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How Caching Works
In the example in the previous section a loop was used to read characters from a file, store them in working memory, and then write them to the screen. The first time each of these instructions (read, store, write) is executed, it must be loaded from relatively slow system memory (assuming it is in memory, otherwise it must be read from the hard disk which is much, much slower even than the memory).
The cache is programmed (in hardware) to hold recently-accessed memory locations in case they are needed again. So each of these instructions will be saved in the cache after being loaded from memory the first time. The next time the processor wants to use the same instruction, it will check the cache first, see that the instruction it needs is there, and load it from cache instead of going to the slower system RAM. The number of instructions that can be buffered this way is a function of the size and design of the cache.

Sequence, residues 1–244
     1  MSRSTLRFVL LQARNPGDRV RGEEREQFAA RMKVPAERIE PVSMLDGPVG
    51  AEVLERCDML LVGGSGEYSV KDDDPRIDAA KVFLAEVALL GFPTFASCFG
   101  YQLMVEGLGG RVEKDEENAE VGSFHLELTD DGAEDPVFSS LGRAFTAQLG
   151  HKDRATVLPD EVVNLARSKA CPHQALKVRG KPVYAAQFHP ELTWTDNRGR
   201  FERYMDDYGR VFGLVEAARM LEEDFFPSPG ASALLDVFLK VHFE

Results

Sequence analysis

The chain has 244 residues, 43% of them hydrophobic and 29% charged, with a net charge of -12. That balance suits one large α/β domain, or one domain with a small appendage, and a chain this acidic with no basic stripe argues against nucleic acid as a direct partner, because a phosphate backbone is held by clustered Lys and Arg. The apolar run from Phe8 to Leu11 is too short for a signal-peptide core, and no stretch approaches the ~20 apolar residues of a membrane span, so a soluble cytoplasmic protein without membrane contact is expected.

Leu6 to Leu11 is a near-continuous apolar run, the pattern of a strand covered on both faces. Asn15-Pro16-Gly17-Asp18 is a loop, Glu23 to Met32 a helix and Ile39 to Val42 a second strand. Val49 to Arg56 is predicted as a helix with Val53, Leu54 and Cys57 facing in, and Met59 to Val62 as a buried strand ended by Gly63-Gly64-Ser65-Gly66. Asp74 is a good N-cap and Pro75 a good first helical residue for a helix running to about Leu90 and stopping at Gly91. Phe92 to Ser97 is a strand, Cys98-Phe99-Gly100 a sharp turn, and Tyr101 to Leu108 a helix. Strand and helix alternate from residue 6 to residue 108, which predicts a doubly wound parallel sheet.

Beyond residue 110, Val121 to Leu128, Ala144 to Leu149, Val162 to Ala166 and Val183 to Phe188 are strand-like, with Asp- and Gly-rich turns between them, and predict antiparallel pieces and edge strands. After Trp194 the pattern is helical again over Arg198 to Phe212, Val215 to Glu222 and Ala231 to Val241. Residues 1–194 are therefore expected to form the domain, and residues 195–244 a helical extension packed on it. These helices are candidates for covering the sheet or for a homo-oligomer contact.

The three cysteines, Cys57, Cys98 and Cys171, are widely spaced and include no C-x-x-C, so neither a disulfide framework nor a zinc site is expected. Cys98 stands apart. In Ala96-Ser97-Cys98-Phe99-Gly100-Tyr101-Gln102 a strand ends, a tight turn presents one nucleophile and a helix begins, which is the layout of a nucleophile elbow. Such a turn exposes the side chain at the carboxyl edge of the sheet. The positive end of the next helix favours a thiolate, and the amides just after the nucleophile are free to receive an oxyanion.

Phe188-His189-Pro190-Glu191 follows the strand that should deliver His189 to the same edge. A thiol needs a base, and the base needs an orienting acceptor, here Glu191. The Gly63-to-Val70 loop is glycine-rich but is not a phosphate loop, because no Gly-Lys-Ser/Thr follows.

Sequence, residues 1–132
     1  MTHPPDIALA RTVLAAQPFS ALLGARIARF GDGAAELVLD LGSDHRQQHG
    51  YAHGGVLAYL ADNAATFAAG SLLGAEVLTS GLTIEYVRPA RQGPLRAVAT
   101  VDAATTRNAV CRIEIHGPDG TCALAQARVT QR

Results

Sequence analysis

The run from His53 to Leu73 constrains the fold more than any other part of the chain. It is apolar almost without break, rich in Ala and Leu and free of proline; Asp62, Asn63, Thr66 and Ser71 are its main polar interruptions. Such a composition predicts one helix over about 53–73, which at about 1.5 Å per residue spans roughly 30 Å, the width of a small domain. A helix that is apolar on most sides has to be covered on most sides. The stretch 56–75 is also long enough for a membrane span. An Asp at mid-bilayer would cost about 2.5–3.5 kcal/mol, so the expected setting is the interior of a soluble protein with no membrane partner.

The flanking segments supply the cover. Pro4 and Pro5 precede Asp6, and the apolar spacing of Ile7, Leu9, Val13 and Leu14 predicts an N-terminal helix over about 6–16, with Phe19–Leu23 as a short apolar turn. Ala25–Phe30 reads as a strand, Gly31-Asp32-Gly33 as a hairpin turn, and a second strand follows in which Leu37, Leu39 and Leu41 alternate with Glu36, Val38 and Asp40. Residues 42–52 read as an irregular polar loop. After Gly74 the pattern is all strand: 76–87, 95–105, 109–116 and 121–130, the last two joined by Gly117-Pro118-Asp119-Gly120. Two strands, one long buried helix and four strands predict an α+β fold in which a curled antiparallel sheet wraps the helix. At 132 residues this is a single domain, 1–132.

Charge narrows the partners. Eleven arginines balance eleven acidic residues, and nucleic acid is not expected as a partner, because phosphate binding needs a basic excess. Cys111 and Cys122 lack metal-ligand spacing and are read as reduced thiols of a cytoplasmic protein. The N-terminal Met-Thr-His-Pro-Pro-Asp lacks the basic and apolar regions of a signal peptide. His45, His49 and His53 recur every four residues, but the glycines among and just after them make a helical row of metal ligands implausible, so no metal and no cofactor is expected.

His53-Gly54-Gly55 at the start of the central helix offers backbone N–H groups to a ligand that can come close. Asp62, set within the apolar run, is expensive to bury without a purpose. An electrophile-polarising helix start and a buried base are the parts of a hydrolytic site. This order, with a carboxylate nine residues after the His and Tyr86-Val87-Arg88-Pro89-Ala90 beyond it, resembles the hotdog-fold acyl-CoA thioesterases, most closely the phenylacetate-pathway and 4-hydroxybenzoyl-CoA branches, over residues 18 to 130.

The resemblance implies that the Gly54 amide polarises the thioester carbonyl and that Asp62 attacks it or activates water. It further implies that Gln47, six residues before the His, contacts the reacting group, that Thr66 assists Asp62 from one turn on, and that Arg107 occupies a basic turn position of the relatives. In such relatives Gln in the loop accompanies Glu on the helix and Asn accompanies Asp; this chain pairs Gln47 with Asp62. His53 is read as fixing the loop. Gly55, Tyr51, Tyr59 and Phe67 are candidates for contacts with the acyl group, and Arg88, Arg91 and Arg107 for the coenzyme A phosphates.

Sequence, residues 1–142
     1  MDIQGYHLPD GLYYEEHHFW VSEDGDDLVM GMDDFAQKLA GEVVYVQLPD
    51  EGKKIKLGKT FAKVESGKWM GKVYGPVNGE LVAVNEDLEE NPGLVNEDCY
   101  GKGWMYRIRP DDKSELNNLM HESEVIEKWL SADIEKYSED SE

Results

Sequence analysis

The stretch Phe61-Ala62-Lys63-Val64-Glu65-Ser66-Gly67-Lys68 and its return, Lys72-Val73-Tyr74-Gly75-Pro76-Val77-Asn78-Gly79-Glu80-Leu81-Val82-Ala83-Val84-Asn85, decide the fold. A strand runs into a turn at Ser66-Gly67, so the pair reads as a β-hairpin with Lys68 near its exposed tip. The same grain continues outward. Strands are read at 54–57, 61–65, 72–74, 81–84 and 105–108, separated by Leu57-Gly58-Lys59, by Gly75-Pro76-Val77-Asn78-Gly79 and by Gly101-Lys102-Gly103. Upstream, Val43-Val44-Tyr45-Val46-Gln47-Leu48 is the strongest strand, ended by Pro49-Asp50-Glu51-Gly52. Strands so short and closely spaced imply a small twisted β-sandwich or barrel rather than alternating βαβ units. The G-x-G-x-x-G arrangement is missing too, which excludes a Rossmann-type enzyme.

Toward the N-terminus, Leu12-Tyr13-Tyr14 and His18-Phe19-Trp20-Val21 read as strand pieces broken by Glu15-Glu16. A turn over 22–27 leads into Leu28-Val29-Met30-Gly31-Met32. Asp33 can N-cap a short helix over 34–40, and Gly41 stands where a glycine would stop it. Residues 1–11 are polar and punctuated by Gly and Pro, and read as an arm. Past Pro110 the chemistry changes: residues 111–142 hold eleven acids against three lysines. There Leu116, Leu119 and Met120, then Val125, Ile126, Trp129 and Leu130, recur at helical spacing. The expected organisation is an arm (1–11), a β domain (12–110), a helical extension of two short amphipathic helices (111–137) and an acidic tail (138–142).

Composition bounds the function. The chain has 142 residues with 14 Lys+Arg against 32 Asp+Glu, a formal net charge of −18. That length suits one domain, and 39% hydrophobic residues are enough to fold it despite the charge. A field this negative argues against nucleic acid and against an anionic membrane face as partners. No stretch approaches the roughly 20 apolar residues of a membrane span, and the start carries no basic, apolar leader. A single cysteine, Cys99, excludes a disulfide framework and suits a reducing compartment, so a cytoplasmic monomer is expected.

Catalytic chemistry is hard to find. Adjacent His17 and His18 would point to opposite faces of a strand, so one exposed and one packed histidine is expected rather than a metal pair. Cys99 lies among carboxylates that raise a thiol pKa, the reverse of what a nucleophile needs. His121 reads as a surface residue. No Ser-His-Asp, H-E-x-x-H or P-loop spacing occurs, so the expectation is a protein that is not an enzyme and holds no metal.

Let's suppose that our loop is going to process 1,000 characters and the cache is able to hold all three instructions in the loop (which sounds obvious, but isn't always, due to cache mapping techniques). This means that 999 of the 1,000 times these instructions are executed, they will be loaded from the cache, or 99.9% of the time. This is why caching is able to satisfy such a large percentage of requests for memory even though it has a capacity that is often less than 1% the size of the system RAM.